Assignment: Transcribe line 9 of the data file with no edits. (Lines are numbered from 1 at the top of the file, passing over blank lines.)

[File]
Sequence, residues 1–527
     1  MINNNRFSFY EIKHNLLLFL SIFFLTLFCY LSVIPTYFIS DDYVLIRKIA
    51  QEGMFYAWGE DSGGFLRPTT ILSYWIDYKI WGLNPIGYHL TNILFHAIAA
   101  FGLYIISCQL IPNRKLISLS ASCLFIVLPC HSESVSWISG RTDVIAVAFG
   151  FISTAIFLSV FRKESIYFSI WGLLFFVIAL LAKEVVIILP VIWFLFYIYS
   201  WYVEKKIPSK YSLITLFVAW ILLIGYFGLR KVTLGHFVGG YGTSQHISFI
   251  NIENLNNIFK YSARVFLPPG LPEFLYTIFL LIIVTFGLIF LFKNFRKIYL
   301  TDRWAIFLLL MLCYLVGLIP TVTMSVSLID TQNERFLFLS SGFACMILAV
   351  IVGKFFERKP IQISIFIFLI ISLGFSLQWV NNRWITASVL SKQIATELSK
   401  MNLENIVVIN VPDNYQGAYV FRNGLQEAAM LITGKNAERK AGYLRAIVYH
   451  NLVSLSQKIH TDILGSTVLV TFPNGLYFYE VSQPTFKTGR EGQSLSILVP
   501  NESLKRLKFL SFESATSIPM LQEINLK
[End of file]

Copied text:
   351  IVGKFFERKP IQISIFIFLI ISLGFSLQWV NNRWITASVL SKQIATELSK